Funeral for Gage Park victims: ‘Was God there?’

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Six caskets of six family members found killed in their Gage Park home on Feb. 4 line the aisle at St. Gall Church, 5511 S. Sawyer, on Sunday night. | Brian Jackson/ For the Sun-Times

Before the funeral began Sunday for the family found murdered this month in a Gage Park bungalow, somber Spanish blessings gave way to the celebratory sounds of a traditional brass Mexican band.

With the bells of its trumpets, trombones and tuba held high above six caskets at the front of St. Gall Catholic Parish, the band shook the sanctuary as mourners filed by, paying respects to victims of a crime that has shaken the Southwest Side.

But when the oompahs ended, silence filled the church — revealing a sob that rose up from the sanctuary.

Soon, the mournful tone returned to a packed-house service held to remember the six family members police think were targeted in a heinous massacre: Noe Martinez Sr., 62; his wife Rosaura, 58; son Noe Martinez Jr., 38; daughter Maria Herminia Martinez, 32; and her sons, 13-year-old Leonardo Cruz and 10-year-old Alexis Cruz.

The funeral, held largely in Spanish, took place less than a mile from the home in the 5700 block of South California, where police discovered the “bloody mess” on Feb. 4. Police are still hunting for clues in the slayings.

“We gather together as human beings, very much touched in pain, by the loss of six . . . members of our family, our parish family, the community in which we live and breath and work,” the Rev. Gary Graf said as he opened the service.

Alternating between Spanish and English during his homily, Graf spoke of the regret of the surviving family members who might believe, “if we would have been there, this tragedy would have never happened.”

“We ask ourselves, was God there?” Graf said. “Was God there when his son died on the cross?”

Photographs of the family stared back at the mourners in the church, set behind the six caskets covered with flowers during the visitation before the service. Someone placed sports jerseys on the caskets of the children — No. 32 for Leonardo, No. 77 for Alexis. The family will be buried later in Mexico.

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Jerseys were placed on the caskets of Leonardo Cruz, No. 32, and Alexis Cruz, No. 77. | Brian Jackson/For the Sun-Times

Investigators hope to speak to Armando Cruz, the father of Leonardo and Alexis, while he is in town for the funeral. He is neither a suspect nor a person of interest, CPD spokesman Frank Giancamilli said Sunday.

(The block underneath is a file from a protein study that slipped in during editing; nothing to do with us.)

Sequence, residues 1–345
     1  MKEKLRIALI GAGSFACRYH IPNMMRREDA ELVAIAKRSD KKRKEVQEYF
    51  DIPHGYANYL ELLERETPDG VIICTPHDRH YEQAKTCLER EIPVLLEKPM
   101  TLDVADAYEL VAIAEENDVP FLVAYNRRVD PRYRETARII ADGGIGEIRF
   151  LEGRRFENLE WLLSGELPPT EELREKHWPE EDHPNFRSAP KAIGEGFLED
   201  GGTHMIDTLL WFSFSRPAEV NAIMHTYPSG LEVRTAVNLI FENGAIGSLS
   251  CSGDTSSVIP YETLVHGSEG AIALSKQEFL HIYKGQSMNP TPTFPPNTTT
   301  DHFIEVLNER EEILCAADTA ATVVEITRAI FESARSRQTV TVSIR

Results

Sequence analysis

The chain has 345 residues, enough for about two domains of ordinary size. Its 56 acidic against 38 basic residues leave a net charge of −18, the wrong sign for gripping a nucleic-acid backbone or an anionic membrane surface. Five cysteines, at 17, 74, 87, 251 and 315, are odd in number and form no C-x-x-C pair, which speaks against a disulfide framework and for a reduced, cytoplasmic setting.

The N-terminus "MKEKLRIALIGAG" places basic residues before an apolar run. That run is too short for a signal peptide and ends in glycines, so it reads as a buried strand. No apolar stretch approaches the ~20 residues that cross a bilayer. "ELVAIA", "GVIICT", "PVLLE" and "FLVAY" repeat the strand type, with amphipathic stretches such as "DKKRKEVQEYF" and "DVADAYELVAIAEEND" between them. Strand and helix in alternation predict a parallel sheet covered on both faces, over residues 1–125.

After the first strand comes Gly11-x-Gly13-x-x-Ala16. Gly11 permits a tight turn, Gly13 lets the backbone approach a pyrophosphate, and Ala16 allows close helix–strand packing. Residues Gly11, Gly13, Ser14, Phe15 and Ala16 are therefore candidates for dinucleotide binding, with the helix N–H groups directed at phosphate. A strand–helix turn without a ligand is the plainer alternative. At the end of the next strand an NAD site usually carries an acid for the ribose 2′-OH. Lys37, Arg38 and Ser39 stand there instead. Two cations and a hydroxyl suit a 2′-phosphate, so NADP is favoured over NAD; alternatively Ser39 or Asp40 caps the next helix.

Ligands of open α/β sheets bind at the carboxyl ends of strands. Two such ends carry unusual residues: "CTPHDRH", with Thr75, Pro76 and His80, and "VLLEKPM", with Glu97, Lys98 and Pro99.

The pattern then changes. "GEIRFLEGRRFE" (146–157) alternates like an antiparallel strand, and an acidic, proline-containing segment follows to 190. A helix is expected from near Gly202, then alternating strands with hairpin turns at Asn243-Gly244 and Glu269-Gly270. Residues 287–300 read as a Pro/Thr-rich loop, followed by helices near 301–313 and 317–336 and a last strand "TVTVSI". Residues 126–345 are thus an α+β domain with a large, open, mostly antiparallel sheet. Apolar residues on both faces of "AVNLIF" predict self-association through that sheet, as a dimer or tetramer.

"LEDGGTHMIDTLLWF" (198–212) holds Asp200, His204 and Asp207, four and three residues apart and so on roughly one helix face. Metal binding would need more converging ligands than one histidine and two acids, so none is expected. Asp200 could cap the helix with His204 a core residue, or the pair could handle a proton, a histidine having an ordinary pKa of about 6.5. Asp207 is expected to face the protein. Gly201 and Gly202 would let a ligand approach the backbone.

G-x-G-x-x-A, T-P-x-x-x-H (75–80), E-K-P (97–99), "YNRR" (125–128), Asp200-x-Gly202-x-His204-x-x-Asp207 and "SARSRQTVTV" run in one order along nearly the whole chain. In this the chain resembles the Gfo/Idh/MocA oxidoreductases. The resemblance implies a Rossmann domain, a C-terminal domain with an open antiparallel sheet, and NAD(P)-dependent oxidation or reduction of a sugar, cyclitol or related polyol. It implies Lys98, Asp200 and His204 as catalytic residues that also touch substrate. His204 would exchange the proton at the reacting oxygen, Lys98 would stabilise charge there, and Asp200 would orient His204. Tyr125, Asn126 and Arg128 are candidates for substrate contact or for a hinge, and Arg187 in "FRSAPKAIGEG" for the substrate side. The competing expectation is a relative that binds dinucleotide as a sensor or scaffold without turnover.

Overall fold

Police also are examining hours of video footage recovered nearby. They have downloaded video from CTA buses and a surveillance camera on a light pole at 57th and California, according to CPD.

“We still believe that this was an incident related directly to the family and not a random act of violence,” Giancamilli said in an email.

Herminia Martinez was separated from the father of her sons, who lives in Mexico but had visited Chicago as recently as Christmas, according to neighbors.

The government of Mexico has offered its assistance in the case if necessary, officials have said. Neighbors and relatives said the family was friendly and close-knit, with an extended network of relatives throughout the city, in Texas and in Mexico. Noe Martinez Sr. immigrated to the United States nearly two decades ago, and his son and daughter followed not long after.

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Photos of the slain family members were set behind the six flower-covered caskets during the visitation before the service. | Brian Jackson/For the Sun-Times

One family friend said he grew up with Noe Martinez Jr. in La Noria, a town of a few hundred in Mexico’s Guanajuato state. Martinez Sr. and his wife also have another daughter who lives in Mexico.

Investigators believe three “edge weapons” were used in the massacre. Maria Herminia Martinez was shot to death, authorities said. But her sons, Leonardo and Alexis, died of “sharp force” injuries. So did Noe Martinez Sr.

Rosaura and Noe Martinez Jr. died of a combination of sharp and blunt force injuries, according to the medical examiner’s office.

The bodies were discovered after a co-worker called 911 to report that Noe Martinez Jr. hadn’t shown up for his job washing windows at O’Hare Airport for the previous two days.

The victims were found in different areas of the home, police said. There were no signs of forced entry to the house nor was it ransacked, and the doors were locked from the inside, police said.

As the service wrapped up, two surviving members of the family — Armando Cruz and Violeta Martinez, the daughter of Noe Martinez Sr. and his wife, Rosaura — thanked the community in Spanish.

Meanwhile outside the church, six hearses waited for six caskets.

And as the hearses later idled in the street, the faces of several children could be seen watching from the windows of apartments across the street.

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